Trailing-Edge - PDP-10 Archives - BB-JR93N-BB_1990 - 10,7/system/libs.hlp
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The system libraries contain  compilers,  system  programs  and  other
important files.  Wherever a device can be specified, an ersatz device
may be specified instead.   An  ersatz  device  is  a  monitor-defined
logical name for a directory specification.  There are several special
ersatz devices defined for some libraries.  There are  three  separate
PPNs,  [1,3],  [1,4],  and  [1,5],  where  system library files can be
stored.  The standard version of a file or program is usually found on

The newest version of a file, sometimes in an experimental or untested
state,  can sometimes be found in the [1,5] system library.  NEW: is a
special ersatz device.  When the operating system looks for a file  on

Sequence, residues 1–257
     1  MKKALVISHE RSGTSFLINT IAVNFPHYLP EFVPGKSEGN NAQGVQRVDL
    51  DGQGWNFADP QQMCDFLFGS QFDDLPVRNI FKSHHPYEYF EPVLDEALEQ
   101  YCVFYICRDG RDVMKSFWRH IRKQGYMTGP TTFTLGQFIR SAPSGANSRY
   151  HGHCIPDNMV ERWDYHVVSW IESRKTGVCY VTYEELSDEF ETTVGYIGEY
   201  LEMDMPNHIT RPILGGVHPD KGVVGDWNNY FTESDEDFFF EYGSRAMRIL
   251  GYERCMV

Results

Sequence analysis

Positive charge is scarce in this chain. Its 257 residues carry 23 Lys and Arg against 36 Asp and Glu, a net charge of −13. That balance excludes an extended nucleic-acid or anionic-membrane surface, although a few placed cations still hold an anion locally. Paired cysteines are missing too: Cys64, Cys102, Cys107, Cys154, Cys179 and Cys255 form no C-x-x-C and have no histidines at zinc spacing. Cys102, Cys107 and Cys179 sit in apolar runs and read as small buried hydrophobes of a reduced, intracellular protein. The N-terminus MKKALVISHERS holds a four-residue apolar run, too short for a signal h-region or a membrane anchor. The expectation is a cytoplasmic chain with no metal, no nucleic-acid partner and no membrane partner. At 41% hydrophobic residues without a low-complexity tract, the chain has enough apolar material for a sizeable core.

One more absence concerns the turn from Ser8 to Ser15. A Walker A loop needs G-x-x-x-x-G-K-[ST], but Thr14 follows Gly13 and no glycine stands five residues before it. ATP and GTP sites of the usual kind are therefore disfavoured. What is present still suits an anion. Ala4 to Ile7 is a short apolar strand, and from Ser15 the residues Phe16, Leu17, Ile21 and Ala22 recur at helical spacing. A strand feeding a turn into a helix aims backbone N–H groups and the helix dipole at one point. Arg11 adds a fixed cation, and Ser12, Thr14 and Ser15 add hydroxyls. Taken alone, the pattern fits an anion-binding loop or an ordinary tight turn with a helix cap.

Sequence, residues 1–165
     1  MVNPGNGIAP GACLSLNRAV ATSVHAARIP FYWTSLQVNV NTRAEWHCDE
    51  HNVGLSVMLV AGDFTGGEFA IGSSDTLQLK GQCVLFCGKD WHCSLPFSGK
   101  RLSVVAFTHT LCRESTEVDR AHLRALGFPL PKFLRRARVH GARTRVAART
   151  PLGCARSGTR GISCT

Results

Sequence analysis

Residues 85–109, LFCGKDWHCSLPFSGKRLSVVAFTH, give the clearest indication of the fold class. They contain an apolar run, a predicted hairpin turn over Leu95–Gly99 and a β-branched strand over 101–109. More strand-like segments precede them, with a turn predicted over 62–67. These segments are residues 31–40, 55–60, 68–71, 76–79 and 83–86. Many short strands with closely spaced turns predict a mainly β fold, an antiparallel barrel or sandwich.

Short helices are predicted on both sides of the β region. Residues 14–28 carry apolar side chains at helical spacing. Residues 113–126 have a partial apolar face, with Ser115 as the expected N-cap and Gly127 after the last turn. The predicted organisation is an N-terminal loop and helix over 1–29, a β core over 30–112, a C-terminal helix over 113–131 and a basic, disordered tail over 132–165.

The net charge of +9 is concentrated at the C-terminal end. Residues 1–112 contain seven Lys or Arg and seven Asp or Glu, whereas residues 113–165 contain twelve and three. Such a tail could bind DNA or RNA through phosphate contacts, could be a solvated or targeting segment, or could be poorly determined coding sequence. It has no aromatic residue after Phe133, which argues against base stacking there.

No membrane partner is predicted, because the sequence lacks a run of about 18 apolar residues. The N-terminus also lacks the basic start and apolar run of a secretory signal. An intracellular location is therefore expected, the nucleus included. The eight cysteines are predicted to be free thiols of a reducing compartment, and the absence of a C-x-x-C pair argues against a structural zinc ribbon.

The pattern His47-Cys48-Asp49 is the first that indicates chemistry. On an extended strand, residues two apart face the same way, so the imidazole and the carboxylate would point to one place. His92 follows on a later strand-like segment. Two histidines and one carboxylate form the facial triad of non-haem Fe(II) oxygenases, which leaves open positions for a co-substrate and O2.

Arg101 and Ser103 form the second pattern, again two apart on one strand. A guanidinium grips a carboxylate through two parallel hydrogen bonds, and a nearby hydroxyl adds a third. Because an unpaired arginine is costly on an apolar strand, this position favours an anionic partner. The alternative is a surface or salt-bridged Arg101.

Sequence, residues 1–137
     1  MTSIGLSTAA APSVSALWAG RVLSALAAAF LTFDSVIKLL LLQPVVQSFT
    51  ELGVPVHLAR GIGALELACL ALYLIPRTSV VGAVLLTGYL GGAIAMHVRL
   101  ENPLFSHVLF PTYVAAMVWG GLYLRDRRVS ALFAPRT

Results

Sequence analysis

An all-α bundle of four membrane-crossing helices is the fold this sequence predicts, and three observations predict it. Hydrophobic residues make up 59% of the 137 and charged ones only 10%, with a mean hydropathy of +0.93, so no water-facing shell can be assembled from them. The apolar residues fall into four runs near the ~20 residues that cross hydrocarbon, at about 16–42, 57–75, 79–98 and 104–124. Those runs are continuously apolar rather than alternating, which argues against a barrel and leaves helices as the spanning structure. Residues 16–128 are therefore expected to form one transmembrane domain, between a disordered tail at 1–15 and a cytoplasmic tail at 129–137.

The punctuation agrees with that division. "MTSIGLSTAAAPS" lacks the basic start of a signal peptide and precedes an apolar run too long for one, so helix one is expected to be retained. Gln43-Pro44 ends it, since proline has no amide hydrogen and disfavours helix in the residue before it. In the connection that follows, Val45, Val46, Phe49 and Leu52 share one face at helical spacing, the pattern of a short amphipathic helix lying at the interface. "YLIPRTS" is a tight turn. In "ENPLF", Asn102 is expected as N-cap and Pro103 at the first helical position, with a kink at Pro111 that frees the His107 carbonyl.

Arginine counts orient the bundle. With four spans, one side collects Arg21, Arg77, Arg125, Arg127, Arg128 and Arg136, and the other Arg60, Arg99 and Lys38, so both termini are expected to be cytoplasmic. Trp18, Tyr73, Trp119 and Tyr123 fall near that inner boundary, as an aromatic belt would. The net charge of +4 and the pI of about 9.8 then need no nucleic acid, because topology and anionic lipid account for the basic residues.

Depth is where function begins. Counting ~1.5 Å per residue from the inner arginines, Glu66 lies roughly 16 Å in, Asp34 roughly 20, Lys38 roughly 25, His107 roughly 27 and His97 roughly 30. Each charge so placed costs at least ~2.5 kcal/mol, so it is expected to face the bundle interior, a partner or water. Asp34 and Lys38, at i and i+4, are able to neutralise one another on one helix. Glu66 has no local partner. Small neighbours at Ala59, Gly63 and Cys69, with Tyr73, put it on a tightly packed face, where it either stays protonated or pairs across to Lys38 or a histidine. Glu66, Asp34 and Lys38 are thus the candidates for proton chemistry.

NEW: it will first look on SSL:[1,5].  If the file is not found there,
however, it will next look on SSL:[1,4] for the same file.   Likewise,
an  outdated  version of a file might be found on OLD:, which searches
SSL:[1,3] before SSL:[1,4].

The current system library for the job is  called  SYS:.   By  default
SYS:  is  SSL:[1,4] or the standard system library.  You may, however,
change the default definition of SYS: by specifying the /NEW switch to
LOGIN  or  to the SETSRC program.  This changes the definition of SYS:
to be NEW:.  In other words, the  system  looks  on  SSL:[1,5]  before
looking  on  SSL:[1,4].  When you use the R command, the program comes
from SYS:.

LIB: is the job's library directory.  If you define LIB:, any file the
system  cannot  find  on  DSK:  will  be searched for in the user-file
directory (UFD) defined in LIB:.   LIB:  may  be  set  by  the  SETSRC